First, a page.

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By Shawn Raymundo

Upon arriving for work the morning of Jan. 28, the head of San Clemente’s senior center began to make her rounds, cleaning the exterior of the building. It was in front of the facility where she discovered the body of a homeless man whom she’d known for years, lying motionless.

She had reached to check for the man’s pulse, merely to confirm what she had already suspected before calling 911.

“I knew (he was deceased) even before I did it,” Beth Apodaca, director for the Dorothy Visser Senior Center, recalls, describing the ordeal as “disturbing.” “I called 911, they asked if he needed CPR, and I said no.”

After receiving the call at approximately 7:48 a.m., deputy sheriffs arrived at the center, where authorities pronounced the 73-year-old Steven Richard Riley dead, according to Sgt. Dennis Breckner, public information officer for the Orange County Sheriff’s Department.

Though the autopsy has been completed, it’s unclear how Riley died, with the cause of death still pending, Breckner said on Monday, Feb. 8. He noted that there was nothing suspicious reported by deputies at the scene of Riley’s death.

Riley’s death follows the staggering trend of high mortality among the homeless in Orange County this past year, when there were 330 individuals who had died, compared to the more than 200 homeless deaths recorded in 2019, news outlets reported.

Citing the data from the coroner’s office, Breckner says two of those deaths occurred in Dana Point, while five homeless deaths were reported in San Clemente this past year. As for San Juan Capistrano, there were no reported homeless deaths in 2020.

At 73, Riley was also among the elderly subpopulation of homeless living in Orange County. Those seniors, aged 62 and older, made up roughly 9% of the 6,860 homeless individuals accounted for in 2019—when the last biennial count of unsheltered persons occurred.

A Snapshot of the County’s Homeless

Every couple of years, near the end of January, local volunteers join homeless advocacy groups across the state for a single night to tally unsheltered individuals living on the street, providing a snapshot, or window in time, of the area’s homeless population.

The count, conducted every odd-numbered year, is intended to provide government agencies and lawmakers with the necessary data to guide legislative policy, funding allocations and planning to address homelessness.

However, with the pandemic still raging, last month’s unsheltered count, led locally by the nonprofit agency City Net, has been canceled by a majority of the state’s Continuums of Care, including Orange County’s.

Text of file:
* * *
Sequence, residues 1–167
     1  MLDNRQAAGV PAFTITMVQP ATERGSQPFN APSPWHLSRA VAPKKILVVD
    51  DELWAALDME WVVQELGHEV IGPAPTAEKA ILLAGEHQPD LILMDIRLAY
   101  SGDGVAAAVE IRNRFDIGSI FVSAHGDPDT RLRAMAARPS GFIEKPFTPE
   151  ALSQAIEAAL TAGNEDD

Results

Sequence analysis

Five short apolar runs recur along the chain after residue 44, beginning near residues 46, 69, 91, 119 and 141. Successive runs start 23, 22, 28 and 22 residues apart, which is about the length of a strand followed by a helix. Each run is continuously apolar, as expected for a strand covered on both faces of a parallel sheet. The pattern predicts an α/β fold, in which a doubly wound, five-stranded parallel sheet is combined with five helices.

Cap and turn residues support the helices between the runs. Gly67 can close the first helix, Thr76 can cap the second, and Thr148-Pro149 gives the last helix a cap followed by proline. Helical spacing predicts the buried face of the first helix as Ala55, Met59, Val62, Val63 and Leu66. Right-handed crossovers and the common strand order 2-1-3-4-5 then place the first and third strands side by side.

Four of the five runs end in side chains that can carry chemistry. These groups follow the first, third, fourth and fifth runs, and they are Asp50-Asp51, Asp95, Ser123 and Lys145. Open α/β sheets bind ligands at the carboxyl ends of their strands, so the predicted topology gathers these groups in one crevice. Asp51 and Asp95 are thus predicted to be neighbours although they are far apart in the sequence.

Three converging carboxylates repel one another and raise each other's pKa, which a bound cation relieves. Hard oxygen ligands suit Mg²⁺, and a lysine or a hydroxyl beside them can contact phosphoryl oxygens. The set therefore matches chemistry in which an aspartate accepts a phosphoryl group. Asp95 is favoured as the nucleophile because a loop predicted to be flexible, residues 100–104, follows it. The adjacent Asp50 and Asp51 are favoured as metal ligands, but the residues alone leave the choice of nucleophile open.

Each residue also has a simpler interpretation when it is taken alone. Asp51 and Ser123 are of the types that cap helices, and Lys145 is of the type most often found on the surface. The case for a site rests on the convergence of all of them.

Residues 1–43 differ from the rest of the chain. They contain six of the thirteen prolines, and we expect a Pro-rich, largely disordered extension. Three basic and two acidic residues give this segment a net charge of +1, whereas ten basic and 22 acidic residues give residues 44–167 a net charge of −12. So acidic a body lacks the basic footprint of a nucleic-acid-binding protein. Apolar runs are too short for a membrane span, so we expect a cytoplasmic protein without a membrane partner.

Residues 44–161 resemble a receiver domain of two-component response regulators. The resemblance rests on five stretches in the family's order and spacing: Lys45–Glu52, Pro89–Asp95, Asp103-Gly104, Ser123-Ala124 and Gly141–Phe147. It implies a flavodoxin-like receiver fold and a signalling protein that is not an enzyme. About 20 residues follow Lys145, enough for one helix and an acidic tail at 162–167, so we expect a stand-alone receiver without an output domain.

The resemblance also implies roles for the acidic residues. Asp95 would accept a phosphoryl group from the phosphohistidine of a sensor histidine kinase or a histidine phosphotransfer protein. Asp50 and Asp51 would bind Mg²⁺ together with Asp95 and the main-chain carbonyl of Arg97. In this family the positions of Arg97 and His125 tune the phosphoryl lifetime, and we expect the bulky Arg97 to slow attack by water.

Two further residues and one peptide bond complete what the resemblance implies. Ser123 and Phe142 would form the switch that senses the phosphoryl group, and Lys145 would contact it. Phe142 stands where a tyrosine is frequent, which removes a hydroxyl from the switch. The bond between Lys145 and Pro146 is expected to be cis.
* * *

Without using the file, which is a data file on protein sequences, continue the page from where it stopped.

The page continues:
A Continuum of Care, the U.S. Department of Housing and Urban Development’s program for communities to coordinate responses to end homelessness, is a regional or planning body that coordinates housing, services and funding for homeless families and individuals.

Though California’s Continuums of Care, or CoCs, are encouraged to reschedule their counts in 2022, barring any more setbacks related to the public health crisis, the delay in counting the unsheltered homeless could mean lawmakers rely on outdated data until 2023.

“There are lots of uses for the data,” City Net Vice President Matt Bates explains.

Such uses, he says, inform cities and Service Planning Areas (SPA) of their local impacts and what their needs should be. It also provides agencies and service providers with demographic data to aid in their response and outreach on homelessness.

“One of the biggest (uses),” he adds, “is to establish funding allocation (and) distribution guidelines for money that enters the Continuum of Care.”

Asked whether the absence of the unsheltered PIT Count this year is likely to pose any consequences, Bates says, “Probably not immediately,” though adding that the county’s CoC “will likely continue to rely on the distribution percentages from 2019 until a new PIT is completed.”

By the Numbers

The report from the 2019 PIT Count found that the county’s homeless population had risen sharply by roughly 43% over the two-year period. Accounting for both sheltered and unsheltered, the total homeless population recorded at the time was 6,860 individuals—up from the 4,792 recorded in 2017.

Much of the homeless population resided in the county’s central region, which accounted for 3,332 individuals. The North County tally was 2,765, while South County had a homeless population at the time of 763.